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Macrofaunal assemblages associated with two common seagrass‐dwelling demosponges (Amorphinopsis atlantica and Haliclona implexiformis) in a tropical estuarine system of the southern Gulf of Mexico

Abstract

Among the ecological roles that sponges play in marine ecosystems, one of the highlights is their ability to host a wide diversity and abundance of epibenthic organisms. However, of the different marine environments, this role has been less investigated in seagrass-dwelling sponges. In this study, the main objective was to determine whether the structure of the associated faunal assemblages in two common sympatric species of seagrass-dwelling sponges (Amorphinopsis atlantica and Haliclona implexiformis) vary depending on the volume and morphology of the host sponge as well as the environment to which both sponges are exposed. Even though the collection sites had the same habitat type (seagrass meadows composed by Thalassia testudinum and Halodule wrightii) and depth, there were substantial differences in faunal composition (ANOSIM test, R = 0.86) between both sponge species. The value of the data on species richness, diversity, and abundance of associated organisms was significantly higher in the individuals of A. atlantica than in those of H. implexiformis. These differences in the community structure of associated fauna could be influenced by the differential growth form of the hosts (e.g. growth form and oscula diameter) as well as their distinct environmental preferences (sites with different degrees of exposure to wind-generated waves and levels of human disturbance). This study contributes to the knowledge on the functional role that sponges play in seagrass meadows, one of the world’s most endangered ecosystems. Furthermore, it underlines the importance of examining both, the sponge morphology and the local environmental conditions, to explain spatial variations in the macrofaunal assemblages associated with sponges.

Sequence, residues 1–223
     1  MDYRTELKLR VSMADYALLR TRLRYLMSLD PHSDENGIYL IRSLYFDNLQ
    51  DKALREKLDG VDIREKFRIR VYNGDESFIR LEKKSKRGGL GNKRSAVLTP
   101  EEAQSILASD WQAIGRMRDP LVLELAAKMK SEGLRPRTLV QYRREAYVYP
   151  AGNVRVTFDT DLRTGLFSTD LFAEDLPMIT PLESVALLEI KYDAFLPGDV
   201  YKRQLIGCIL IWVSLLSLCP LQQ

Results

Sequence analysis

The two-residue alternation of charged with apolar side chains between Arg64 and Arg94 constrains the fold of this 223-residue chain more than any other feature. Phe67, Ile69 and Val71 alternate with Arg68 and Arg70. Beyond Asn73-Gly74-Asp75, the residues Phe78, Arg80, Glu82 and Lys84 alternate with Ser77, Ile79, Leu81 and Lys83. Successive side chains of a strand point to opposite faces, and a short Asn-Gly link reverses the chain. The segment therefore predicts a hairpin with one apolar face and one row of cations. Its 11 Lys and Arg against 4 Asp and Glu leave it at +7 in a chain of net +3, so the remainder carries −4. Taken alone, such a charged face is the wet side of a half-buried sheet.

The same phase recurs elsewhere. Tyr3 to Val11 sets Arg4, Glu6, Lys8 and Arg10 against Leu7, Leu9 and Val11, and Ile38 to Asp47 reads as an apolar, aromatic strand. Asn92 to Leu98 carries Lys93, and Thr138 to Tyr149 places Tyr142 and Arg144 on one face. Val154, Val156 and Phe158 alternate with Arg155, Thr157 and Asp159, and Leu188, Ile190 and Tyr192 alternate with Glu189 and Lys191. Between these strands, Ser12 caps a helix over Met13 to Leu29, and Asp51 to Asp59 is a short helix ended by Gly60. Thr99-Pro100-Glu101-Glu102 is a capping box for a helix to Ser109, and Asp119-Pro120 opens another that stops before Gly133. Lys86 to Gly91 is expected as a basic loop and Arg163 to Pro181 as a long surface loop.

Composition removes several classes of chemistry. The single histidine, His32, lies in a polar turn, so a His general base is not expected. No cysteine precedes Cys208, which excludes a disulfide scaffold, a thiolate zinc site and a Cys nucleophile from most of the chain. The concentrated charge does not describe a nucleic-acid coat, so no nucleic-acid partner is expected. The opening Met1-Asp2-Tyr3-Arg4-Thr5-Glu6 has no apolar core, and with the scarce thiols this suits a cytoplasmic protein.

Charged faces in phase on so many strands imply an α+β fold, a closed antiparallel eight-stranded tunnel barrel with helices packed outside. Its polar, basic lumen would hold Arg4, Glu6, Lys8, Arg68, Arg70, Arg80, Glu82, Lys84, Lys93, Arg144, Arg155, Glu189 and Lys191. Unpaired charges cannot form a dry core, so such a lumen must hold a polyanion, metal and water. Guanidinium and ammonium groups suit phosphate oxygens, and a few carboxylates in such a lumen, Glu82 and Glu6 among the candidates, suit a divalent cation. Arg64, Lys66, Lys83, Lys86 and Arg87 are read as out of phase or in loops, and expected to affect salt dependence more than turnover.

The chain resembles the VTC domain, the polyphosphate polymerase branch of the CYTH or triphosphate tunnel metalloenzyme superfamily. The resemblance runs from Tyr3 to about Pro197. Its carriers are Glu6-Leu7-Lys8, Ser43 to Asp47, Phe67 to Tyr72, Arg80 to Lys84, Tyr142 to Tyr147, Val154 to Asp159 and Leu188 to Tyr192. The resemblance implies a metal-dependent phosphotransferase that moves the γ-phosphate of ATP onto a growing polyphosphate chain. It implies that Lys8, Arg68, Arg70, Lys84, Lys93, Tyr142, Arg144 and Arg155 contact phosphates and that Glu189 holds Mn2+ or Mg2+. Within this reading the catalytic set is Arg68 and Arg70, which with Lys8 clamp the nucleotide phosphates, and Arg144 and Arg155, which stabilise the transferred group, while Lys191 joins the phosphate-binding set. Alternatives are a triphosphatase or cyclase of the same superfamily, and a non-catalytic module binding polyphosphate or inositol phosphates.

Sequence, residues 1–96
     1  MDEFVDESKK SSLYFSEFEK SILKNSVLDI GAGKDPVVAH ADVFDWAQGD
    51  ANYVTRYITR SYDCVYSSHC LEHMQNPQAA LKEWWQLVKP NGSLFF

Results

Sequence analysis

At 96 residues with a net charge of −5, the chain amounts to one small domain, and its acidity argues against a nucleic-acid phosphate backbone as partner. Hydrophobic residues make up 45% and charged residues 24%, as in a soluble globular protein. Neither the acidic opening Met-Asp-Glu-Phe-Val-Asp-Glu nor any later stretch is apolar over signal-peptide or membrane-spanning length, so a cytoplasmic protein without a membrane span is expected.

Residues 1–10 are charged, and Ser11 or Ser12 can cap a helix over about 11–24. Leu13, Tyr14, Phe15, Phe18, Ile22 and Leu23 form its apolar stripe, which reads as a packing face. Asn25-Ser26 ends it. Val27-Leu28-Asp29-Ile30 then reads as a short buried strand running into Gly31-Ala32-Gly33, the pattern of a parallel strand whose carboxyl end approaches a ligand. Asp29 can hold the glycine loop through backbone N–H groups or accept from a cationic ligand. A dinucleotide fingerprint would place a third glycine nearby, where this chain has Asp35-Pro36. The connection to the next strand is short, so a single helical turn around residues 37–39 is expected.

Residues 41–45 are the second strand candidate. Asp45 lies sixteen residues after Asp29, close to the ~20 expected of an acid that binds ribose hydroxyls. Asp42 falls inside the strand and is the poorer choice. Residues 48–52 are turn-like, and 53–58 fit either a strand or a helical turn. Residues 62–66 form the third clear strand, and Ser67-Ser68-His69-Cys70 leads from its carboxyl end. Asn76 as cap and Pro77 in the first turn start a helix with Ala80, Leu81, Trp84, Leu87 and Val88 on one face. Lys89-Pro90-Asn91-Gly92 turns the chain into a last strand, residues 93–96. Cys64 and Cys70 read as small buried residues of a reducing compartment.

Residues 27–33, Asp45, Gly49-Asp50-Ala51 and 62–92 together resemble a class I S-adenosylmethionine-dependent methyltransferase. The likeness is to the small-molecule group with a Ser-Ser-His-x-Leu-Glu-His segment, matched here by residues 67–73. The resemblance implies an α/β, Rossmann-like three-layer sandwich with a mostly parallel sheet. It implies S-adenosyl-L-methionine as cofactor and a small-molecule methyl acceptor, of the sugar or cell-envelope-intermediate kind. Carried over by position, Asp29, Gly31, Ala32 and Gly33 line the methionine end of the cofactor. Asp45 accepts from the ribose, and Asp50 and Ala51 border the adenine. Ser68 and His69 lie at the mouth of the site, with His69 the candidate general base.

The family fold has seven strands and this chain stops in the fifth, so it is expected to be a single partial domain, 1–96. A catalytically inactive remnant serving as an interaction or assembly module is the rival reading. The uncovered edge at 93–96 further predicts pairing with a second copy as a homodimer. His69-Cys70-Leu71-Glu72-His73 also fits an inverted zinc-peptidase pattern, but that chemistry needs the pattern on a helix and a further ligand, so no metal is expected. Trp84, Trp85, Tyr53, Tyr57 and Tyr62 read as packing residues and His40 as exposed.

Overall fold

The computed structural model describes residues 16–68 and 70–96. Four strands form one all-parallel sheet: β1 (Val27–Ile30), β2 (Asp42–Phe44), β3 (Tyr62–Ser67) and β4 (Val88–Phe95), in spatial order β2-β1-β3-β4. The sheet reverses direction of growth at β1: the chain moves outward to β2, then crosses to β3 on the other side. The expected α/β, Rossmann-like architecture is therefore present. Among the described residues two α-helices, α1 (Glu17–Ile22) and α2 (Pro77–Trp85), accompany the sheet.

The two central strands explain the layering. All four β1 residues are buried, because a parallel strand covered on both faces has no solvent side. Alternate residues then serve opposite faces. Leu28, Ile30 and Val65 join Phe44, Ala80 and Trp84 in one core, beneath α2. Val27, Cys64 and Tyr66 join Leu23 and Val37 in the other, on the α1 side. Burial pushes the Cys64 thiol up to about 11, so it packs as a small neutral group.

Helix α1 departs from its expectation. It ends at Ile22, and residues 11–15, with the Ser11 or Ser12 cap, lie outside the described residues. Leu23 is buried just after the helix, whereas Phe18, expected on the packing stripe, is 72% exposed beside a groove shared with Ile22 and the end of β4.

Background

Sponges are considered the oldest living animal phylum [1] and are well known to play important ecological functions in marine benthic ecosystems [2]. One of these, is its capability to establish interspecific relationships with a wide diversity of organisms (including species of flora and fauna and micro- and macro-organisms) [3]. Given its complex three-dimensional morphology, presence of internal channels and oscular openings that interconnect with the external environment, sponges can host a great diversity and abundance of epi and endobionts [4,5,6,7,8,9], trait for which they have been regarded as “living hotels” [4] and one of the richest marine benthic biotopes [7].

Furthermore, it has also been determined that composition of sponge-associated fauna can vary among sponge species or, even, between individuals of the same species. This variability may depend on many factors, including the sponge size [4, 10], morphology and anatomy [6,7,8], geographic location [5, 9], depth [11], seasonality [12], and the habitat where they live [13, 14]. Regarding the latter, recent research has found that the composition and abundance of sponge-associated fauna can vary (even on a small spatial scale) between individuals of the same sponge species (e.g. in Halichondria melanadocia) depending on the habitat [13]. This inter-habitat variability has been attributed to different factors such as the substrate type and orientation and the different degree of exposure to factors such as light, sedimentation, predation and the surrounding fauna, as well as to the different morphology that the sponge develop in each habitat [14]. However, despite the efforts made in this field, there are relatively few studies addressing the environmental condition effects on the structure of the sponge-associated faunal assemblages.

In the Mexican coasts of the Gulf of Mexico (Tropical Western Atlantic) there are extensive seagrass meadows [15], in which the biodiversity of associated invertebrates has still been poorly investigated [16, 17]. Particularly, within the estuarine system of Laguna de Terminos, located west of the Yucatan peninsula, there are shallow seagrass meadows (Thalassia testudinum, Syringodium filiforme and Halodule wrigtii) whose permanence has been threatened by both, natural (e.g. tropical storms and coastal erosion) and human-induced stress (e.g. oil industry spills, urban development and overfishing) [18,19,20]. Associated to these habitats, the sponge species Haliclona (Reniera) implexiformis (Hechtel 1965) (Haplosclerida: Chalinidae) and Amorphinopsis atlantica Carvalho, Hajdu, Mothes & van Soest, 2004 (Halichondrida: Halichondriidae) are commonly found living in coexistence. However, according to preliminary observations they seem to have distinct environmental preferences. Whereas A. atlantica is more frequent in areas relatively exposed to wind-generated waves and closer to the urban area (with a high degree of human disturbance), H. implexiformis is more frequent in more protected areas and further away from the urban zone. Therefore, since these species appear to have different morphological characteristics and environmental preferences, it is expected to find differences in their associated faunal assemblages.